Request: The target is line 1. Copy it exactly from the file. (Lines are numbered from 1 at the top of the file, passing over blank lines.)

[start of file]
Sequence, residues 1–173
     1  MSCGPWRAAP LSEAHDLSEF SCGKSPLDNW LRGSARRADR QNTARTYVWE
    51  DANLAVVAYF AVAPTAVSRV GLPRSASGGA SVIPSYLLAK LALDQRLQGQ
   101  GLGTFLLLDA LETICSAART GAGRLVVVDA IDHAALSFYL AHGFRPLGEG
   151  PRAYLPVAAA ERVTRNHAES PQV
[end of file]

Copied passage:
Sequence, residues 1–173